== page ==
McLuhan interprets the Western tradition in light of the 'trivium', i.e. the ancient arts of grammar (Grammatica), the art of interpretation; rhetoric (Rhetorica), the art of eloquence or persuasion; and dialectic (Dialectica), the art of philosophy or logic.
The trivium, as taught in the medieval university, was roughly equivalent to an undergraduate degree, and served as foundation for study of the 'quadrivium' of arithmetic, astronomy, geometry, and music.
McLuhan stresses the connection, since ancient times, between grammar and science, i.e. the notion of 'Nature' as a 'book' to be read.
Grammar, McLuhan shows, was the established mode of science from Plato through until the twelfth century (alchemy, for example, was grammatical in method); in the thirteenth century the dialectical method of Aristotle won new adherents through the work of St. Thomas Aquinas.
McLuhan says that science since the Renaissance (in fact since Descartes, a dialectician par excellence) tends to be dialectical, however the grammatical tradition has not been eliminated entirely, persisting in the work of Charles Darwin, for example, and the dream interpretations of Sigmund Freud.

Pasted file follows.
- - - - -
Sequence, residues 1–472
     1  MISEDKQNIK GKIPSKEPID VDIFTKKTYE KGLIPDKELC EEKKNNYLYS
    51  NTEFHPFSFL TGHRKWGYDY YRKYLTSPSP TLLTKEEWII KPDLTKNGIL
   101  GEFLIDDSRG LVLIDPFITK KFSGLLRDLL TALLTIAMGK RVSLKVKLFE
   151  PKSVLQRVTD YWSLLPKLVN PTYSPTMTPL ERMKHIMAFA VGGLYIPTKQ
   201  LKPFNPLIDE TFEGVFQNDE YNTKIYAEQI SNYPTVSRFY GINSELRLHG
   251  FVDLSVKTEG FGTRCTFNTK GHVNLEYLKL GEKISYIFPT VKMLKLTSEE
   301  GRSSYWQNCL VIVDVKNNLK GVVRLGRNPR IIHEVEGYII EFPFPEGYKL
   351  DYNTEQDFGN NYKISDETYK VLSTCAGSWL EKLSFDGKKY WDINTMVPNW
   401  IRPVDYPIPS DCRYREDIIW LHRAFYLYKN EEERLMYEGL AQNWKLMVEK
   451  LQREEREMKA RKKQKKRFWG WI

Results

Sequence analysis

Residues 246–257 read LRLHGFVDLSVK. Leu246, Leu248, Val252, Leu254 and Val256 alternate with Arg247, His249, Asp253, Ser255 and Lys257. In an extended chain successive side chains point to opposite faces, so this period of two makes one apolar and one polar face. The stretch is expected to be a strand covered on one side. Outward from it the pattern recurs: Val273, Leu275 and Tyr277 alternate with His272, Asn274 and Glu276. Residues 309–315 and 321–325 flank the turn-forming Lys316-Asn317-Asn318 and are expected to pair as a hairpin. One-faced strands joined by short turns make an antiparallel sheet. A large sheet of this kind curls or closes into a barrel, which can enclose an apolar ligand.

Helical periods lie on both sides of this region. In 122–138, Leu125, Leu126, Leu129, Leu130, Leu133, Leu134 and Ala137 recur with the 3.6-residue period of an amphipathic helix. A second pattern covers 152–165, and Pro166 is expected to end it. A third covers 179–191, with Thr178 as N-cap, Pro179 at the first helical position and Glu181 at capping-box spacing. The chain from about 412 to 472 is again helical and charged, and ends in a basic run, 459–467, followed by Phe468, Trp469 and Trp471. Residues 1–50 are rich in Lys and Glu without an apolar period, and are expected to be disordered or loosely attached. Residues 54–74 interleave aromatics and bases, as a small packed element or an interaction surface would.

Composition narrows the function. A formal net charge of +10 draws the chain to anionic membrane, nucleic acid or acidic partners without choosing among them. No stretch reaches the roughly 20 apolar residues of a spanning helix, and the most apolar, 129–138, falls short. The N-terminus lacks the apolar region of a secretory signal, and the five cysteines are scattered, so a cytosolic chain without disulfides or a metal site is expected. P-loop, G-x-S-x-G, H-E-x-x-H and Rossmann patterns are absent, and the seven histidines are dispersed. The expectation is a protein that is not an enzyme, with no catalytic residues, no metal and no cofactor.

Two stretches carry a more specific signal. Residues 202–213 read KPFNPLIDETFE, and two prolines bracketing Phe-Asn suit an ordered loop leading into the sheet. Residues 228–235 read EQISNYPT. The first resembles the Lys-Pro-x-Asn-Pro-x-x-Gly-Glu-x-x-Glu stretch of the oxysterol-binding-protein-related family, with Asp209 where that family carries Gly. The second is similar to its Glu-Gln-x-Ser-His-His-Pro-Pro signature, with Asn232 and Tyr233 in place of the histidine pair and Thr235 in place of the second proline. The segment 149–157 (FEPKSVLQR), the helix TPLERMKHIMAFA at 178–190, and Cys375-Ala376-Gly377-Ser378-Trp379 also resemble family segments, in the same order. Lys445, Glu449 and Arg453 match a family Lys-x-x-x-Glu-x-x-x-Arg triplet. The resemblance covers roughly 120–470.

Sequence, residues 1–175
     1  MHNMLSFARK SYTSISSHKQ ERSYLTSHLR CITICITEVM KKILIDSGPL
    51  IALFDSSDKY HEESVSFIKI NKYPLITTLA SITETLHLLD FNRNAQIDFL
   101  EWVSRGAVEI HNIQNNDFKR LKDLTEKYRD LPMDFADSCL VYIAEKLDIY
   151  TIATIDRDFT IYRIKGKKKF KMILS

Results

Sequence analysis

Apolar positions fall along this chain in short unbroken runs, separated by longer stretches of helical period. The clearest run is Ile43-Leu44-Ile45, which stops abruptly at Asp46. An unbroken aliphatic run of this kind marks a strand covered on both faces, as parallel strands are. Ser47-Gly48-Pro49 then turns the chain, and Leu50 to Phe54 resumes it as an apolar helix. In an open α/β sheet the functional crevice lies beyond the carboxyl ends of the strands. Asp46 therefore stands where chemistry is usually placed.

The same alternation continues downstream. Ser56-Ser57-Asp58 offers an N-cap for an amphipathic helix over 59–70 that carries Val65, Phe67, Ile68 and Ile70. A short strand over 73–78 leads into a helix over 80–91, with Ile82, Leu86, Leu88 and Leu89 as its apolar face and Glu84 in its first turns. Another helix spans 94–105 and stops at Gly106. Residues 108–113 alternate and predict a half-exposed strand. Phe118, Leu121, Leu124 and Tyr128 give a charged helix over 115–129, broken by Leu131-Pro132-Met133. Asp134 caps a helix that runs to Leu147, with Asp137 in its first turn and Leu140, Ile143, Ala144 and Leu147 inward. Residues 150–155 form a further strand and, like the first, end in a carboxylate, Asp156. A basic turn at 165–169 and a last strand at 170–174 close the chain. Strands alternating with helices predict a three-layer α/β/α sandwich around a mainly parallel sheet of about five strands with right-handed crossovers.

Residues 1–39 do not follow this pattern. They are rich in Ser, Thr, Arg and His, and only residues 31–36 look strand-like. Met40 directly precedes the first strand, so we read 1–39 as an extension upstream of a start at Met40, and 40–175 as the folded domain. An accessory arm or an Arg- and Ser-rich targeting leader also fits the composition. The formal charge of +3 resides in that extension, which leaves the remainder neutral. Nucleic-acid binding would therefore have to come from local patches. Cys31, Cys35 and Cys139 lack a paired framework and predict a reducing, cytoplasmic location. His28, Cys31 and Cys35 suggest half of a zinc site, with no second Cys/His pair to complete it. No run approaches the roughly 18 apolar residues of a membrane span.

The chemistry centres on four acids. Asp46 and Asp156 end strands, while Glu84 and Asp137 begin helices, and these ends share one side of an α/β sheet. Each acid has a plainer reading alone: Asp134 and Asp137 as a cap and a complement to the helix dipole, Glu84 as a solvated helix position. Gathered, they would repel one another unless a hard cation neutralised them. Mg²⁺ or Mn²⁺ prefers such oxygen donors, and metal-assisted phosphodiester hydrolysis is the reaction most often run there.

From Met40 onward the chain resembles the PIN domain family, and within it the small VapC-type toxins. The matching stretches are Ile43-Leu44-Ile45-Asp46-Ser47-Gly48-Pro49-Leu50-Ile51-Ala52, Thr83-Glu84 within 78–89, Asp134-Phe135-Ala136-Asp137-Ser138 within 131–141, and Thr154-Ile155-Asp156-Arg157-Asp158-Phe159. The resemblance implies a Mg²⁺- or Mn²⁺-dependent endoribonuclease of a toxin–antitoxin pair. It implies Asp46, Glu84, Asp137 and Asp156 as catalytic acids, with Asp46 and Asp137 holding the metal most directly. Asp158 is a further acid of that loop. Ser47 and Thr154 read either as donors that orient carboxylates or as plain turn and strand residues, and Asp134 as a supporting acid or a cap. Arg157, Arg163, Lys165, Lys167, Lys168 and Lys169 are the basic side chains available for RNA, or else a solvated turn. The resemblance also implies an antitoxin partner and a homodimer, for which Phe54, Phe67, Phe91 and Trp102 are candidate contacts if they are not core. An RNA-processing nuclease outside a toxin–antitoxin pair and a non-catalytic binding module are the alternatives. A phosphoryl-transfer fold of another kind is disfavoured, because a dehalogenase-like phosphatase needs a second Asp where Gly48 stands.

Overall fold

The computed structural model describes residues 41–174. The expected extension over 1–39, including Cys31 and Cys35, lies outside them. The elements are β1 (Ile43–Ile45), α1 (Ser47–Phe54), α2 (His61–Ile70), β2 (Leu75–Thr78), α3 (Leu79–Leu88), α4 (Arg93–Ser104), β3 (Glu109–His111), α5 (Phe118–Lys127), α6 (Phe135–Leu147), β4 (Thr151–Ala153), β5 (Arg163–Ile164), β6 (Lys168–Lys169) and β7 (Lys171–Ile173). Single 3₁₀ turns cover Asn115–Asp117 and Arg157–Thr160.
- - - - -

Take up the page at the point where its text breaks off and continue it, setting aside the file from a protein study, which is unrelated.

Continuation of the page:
McLuhan's last book, Laws of Media: The New Science (1988), completed after McLuhan's death by his son Eric McLuhan, takes its subtitle from Francis Bacon's Novum Organum (New Instrument [for the interpretation of nature]), first published in 1620, and Giambattista Vico's Scienza Nuova (New Science), first published in 1725.1
There are and can only be two ways of searching into and discovering truth. The one flies from the senses and particulars to the most general axioms, and from these principles, the truth of which it takes for settled and immovable, proceeds to judgement ... And this way is now in fashion. The other derives axioms from the senses and from particulars, rising by a gradual and unbroken ascent, so that it arrives at the most general axioms last of all. This is the true way, but as yet untried.